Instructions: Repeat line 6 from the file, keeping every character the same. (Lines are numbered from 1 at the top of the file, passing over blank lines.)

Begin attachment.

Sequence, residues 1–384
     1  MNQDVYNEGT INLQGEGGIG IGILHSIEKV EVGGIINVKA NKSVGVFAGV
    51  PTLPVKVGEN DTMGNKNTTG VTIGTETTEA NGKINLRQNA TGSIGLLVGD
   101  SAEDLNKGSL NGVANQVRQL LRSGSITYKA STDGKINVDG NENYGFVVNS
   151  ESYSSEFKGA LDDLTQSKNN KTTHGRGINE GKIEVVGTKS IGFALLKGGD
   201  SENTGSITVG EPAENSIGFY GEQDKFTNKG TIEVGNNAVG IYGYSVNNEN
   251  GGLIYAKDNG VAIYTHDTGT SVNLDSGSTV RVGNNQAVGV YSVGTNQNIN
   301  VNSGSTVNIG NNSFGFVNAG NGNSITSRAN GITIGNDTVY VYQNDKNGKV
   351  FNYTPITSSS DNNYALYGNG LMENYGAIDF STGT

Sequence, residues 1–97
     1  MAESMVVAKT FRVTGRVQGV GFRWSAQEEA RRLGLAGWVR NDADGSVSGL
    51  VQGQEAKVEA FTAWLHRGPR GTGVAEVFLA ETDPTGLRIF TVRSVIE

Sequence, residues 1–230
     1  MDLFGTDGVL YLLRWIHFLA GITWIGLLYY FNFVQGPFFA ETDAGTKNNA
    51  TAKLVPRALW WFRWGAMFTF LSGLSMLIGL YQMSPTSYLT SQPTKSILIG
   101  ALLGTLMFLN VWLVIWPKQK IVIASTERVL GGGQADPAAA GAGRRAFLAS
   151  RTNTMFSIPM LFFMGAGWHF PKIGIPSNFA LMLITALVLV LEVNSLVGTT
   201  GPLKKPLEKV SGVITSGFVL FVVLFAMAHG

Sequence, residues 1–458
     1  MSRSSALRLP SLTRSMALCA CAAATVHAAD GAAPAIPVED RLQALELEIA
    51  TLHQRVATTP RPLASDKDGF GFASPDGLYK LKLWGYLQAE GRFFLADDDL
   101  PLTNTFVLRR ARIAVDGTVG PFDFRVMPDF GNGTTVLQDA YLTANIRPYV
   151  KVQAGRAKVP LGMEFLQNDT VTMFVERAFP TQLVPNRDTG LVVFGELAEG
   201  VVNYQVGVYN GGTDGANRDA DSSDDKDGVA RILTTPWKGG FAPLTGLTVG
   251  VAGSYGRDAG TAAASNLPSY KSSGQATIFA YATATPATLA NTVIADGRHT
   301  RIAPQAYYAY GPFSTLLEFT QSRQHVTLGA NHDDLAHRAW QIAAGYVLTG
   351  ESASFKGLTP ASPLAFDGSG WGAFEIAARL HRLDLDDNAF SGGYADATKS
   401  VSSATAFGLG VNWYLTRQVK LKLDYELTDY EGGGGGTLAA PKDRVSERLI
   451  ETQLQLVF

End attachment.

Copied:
   201  SENTGSITVG EPAENSIGFY GEQDKFTNKG TIEVGNNAVG IYGYSVNNEN